"IT is permissible to doubt whether the method of violence is ever the midwife of justice. That wrong can be wiped out with wrong is a gospel to which we are not entitled to resort until we despair utterly of civilisation, and when we have resorted to it, it is probable that there will be no civilisation of which to despair.
"Nothing of this, it should be added, implies that the communist prediction of conflict is impossible of realisation. The evils which have led to its diagnosis are real, and their remedy alone is a specific against economic war. For a point is reached in the development of any social system where men will refuse to accept longer a burden they find too great to bear; and in that moment, if they cannot mitigate, they will at least destroy. The condition, in fact, upon which a state may hope to endure is its capacity for making freedom more widespread and more intense. It is not easy to achieve that end. Men prefer sacrifice by others to the surrender of their own desires."
It is not fashionable today, as it was formerly, to quote Harold J. Laski. This passage reveals that not a little of what he wrote, with surpassing literacy felicity, is of abiding relevance. It encapsulates five truths - the utter futility of "the method of violence"; the reality of the evils that provoke it; its inevitability if they are neglected for long; the duty of those who wield power to redress grave wrongs; and the blindness which power seldom fails to afflict those who come to possess it.
Laski wrote this in a slim volume, a mini-classic Communism in 1927 (Thornton Butterworth Ltd; page 181). By then "the spectre of Communism" which, as Karl Marx and Friedrich Engels said in the opening lines of the Manifesto of the Communist Party (1848), was "haunting Europe", had assumed a concrete shape in the Soviet Union. Adapted to the situation we have witnessed in the last two decades, it is now the spectre of Islam that has begun to haunt the West. An artificial construct of a monolithic "Islamic fundamentalism" has replaced "International Communism" as the source of violence in four continents, regardless of the local causes of many an eruption.
The militant in his rage and bigotry will not accept the futility of violence. However, in the society of the ignorant, the powerful are his companions. Ziauddin Sardar, who consistently denounces Muslim fanatics in the United Kingdom, and Merry Wyn Davies describe this "knowledgeable ignorance" in their stimulating book Why do people hate America (Icon Books). "It is one of our central arguments that at the heart of the relations between America and the rest of the world stands the problem of `knowledgeable ignorance'; knowing people, ideas, civilisations, religions, histories as something they are not, and could not possibly be, and maintaining these ideas even when the means exist to know differently."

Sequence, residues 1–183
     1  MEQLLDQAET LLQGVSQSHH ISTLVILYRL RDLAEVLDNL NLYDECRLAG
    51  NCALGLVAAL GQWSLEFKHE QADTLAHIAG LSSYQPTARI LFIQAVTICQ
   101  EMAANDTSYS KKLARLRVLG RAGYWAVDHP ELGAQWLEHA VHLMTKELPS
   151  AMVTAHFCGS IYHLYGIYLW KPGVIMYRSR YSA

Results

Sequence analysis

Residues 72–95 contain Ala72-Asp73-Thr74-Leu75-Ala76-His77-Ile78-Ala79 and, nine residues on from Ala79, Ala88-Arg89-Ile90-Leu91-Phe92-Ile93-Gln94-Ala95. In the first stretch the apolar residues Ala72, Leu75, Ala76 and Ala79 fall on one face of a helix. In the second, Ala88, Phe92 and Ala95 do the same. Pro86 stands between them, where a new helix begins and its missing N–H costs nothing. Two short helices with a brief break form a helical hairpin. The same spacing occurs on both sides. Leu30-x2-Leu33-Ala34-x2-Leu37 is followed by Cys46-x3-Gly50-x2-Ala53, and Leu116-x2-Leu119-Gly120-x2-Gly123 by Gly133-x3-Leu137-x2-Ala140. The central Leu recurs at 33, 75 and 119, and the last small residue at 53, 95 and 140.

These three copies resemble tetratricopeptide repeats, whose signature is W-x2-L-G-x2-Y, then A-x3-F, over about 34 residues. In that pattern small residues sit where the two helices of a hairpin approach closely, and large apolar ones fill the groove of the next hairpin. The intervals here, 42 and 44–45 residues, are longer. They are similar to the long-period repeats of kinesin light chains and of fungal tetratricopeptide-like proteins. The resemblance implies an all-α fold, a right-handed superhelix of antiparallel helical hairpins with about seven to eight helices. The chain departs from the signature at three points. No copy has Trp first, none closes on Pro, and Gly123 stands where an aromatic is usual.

In no other country is the study of international relations as intensive. The process of decision-making is treated as a science and an art. Yet, few leaders are as ignorant of the world outside as the ones at the helm of affairs in the United States. That is true not only of President George W. Bush, but even of the academic Condoleezza Rice, his National Security Adviser. The mainstream media is craver. Academia tends to be conformist. The U.S. invaded two countries within a space of 18 months and ravaged them without any thought for the aftermath. Neither Afghanistan nor Iraq is any the more stable than before. Last May Thomas L. Friedmann of The New York Times noted with dismay, "After September 11, 2001, Americans wondered `Why do they hate us?', speaking of the Muslim world. After the Iraq war debate the question has grown into `Why does everybody else hate us?' In its glib superficiality, his explanation is typical of most commentators: "U.S. power, culture and economic ideas about how society should be organised became so dominant (a dominance magnified through globalisation) that America began to touch people's lives around the planet."
But, as Sardar and Davies ask, "If America has become a country that cannot debate, engage or negotiate with itself, then what hope is there that it can extend a listening ear or open mind to the rest of the world?"
`Understanding the Violence' is the subtitle of the Rubins' Documentary Reader. They, however, do not promote it. They spread, instead, prejudice which is not in short supply in their country. No official publication could have excelled this book. The introduction and Barry Rubin's piece "The truth about U.S. Middle East Policy" written with his well known bias in favour of Israel, are devoid of any vestige of fairness. The selection of extracts is designed to prove a thesis of mindless hate. They are grouped under chapters on the radical critique of Islam; "the revolutionaries"; American policy and Anti-Americanism; Usama Bin Laden and his movement; Al Qaeda's War on America; September 11, Al Qaeda and the Taliban. Only in the chapter on Middle East Reaction to September 11 does one find a few contrasting views. The last chapter `September 11' and the `War against Terrorism' contains speeches by Bush (and Tony Blair) and Executive Orders. The worst of them, establishing military tribunals, is simply described as "the most controversial". Criticism, offered plenty otherwise, is carefully withheld. Only a dozen or two of the 680 prisoners at Guantanamo Bay are being tried. The rest - many of whom American officials have acknowledged are innocent and were taken by mistake - have been imprisoned and punished for more than a year and a half with no legal process whatever" (Thomas Wilner, Counsel for 12 Kuwaitis, The Economist; July 26, 2003). They will assuredly return to their homes as admirers of American democracy.